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Data from: Components of cowpea resistance to the seed beetle Callosobruchus maculatus (Coleoptera: Chrysomelidae: Bruchinae)

Citation

Messina, Frank J.; Lish, Alexandra M.; Gompert, Zachariah (2019), Data from: Components of cowpea resistance to the seed beetle Callosobruchus maculatus (Coleoptera: Chrysomelidae: Bruchinae), Dryad, Dataset, https://doi.org/10.5061/dryad.m3s165k

Abstract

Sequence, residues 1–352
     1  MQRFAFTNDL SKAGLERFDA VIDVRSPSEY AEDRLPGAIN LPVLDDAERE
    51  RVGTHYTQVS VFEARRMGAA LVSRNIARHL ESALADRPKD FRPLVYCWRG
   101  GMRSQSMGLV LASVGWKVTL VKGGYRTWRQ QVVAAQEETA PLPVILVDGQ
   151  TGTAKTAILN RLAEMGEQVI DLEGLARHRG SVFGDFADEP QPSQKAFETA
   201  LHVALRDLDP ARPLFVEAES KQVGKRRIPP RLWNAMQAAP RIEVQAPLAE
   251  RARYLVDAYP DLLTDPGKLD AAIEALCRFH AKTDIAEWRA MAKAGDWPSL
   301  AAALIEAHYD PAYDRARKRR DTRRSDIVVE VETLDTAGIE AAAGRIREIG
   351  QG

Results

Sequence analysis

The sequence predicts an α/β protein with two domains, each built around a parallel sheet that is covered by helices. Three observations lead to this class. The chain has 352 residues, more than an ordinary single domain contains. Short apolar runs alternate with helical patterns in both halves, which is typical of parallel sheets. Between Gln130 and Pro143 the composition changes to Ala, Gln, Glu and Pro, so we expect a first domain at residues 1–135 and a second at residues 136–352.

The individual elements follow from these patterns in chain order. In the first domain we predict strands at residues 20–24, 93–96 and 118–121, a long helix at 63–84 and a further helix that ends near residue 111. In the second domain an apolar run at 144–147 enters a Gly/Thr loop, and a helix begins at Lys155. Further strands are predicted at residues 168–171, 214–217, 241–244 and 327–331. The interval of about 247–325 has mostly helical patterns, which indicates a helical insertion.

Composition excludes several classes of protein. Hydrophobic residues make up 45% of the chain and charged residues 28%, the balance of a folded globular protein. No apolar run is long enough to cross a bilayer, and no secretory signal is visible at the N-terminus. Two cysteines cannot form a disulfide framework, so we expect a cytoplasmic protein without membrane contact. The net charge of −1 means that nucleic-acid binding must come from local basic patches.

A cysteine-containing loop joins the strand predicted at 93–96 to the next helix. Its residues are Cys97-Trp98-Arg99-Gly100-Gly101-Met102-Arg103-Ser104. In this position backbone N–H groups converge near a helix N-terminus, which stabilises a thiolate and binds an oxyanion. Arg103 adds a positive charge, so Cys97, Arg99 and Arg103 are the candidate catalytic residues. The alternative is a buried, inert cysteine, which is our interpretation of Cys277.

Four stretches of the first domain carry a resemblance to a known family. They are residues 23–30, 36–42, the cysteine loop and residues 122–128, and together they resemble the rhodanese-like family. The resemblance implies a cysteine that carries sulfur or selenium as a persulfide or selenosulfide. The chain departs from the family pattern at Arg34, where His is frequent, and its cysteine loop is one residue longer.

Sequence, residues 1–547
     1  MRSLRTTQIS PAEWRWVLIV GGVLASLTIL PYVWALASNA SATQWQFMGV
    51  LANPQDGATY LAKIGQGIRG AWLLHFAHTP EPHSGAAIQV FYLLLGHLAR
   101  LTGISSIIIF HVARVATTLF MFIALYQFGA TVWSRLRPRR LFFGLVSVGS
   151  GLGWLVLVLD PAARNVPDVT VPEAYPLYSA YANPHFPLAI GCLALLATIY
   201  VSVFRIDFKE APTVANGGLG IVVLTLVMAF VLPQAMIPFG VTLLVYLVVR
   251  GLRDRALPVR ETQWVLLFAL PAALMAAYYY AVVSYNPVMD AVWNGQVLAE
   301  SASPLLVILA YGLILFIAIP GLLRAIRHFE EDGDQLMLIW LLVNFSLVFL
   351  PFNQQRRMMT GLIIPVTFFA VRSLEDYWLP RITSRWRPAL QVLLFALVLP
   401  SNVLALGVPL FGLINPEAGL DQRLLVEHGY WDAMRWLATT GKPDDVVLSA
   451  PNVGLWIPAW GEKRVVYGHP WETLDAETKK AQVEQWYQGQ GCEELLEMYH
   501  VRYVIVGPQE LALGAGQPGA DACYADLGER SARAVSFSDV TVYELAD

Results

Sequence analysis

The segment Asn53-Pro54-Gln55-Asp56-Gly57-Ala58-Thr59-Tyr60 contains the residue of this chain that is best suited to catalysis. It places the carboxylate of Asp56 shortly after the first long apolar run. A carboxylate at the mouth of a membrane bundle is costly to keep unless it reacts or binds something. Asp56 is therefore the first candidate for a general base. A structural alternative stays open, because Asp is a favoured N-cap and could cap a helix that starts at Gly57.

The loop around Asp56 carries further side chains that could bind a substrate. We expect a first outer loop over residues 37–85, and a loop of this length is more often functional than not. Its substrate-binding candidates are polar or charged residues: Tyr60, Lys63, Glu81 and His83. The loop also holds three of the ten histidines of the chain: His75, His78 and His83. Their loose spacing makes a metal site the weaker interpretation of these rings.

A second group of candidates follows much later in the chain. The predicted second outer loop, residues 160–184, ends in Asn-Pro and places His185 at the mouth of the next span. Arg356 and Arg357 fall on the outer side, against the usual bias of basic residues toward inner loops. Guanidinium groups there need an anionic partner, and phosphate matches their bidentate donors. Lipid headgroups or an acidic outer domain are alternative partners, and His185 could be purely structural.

Cowpea serves as a major source of dietary protein in many tropical and subtropical regions around the world. To identify loci associated with agronomically desirable traits, eight elite cowpea cultivars were systematically inter-crossed for eight generations to yield 305 recombinant inbred lines. Here, we investigated whether these founder parents also possess resistance to the seed beetle Callosobruchus maculatus (F.) (Coleoptera: Chrysomelidae), a highly destructive post-harvest pest. We estimated larval survival in seeds, egg-to-adult development time, adult mass at emergence, and seed acceptance for oviposition. Survival varied significantly among cowpea cultivars, but the pattern was complicated by an unexpected source of mortality; on three cultivars, mature larvae in a substantial fraction of seeds (20-36%) exited seeds prematurely, and consequently failed to molt into viable adults. Even if such seeds were eliminated from the analysis, survival in the remaining seeds varied from 49% to 92% across the eight parents. Development time and body mass also differed among hosts, with particularly slow larval development on three closely related cultivars. Egg-laying females readily accepted all cultivars except one with a moderately rugose seed coat. Overall, suitability ranks of the eight cultivars depended on beetle trait; a cultivar that received the most eggs (IT82E-18) also conferred low survival. However, one cultivar (IT93K-503-1) was a relatively poor host for all traits. Given the magnitude of variation among parental cultivars, future assays of genotyped recombinant progeny can identify genomic regions and candidate genes associated with resistance to seed beetles.

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